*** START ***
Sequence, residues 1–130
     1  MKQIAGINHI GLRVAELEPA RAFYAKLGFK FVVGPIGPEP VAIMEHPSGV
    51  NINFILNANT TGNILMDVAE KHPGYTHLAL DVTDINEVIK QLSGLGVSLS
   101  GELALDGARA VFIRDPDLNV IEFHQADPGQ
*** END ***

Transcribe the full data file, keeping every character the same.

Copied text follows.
Sequence, residues 1–130
     1  MKQIAGINHI GLRVAELEPA RAFYAKLGFK FVVGPIGPEP VAIMEHPSGV
    51  NINFILNANT TGNILMDVAE KHPGYTHLAL DVTDINEVIK QLSGLGVSLS
   101  GELALDGARA VFIRDPDLNV IEFHQADPGQ